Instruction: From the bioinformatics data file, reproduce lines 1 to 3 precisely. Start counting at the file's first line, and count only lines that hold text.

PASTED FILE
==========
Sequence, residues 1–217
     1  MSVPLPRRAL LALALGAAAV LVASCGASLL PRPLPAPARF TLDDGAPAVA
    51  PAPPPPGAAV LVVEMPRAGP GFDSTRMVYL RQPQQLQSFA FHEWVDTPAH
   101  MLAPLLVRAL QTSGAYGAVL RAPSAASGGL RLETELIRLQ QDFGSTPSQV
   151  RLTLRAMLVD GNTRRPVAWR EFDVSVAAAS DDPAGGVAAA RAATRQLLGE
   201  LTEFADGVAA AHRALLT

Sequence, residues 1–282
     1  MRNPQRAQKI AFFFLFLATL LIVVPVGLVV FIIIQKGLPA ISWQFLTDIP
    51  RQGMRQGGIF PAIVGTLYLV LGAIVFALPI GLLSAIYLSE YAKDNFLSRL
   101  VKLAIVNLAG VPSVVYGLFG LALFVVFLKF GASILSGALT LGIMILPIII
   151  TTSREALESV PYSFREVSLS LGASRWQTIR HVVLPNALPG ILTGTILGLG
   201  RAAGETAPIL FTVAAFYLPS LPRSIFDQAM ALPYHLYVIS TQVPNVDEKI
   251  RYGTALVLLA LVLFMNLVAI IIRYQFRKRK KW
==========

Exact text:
Sequence, residues 1–217
     1  MSVPLPRRAL LALALGAAAV LVASCGASLL PRPLPAPARF TLDDGAPAVA
    51  PAPPPPGAAV LVVEMPRAGP GFDSTRMVYL RQPQQLQSFA FHEWVDTPAH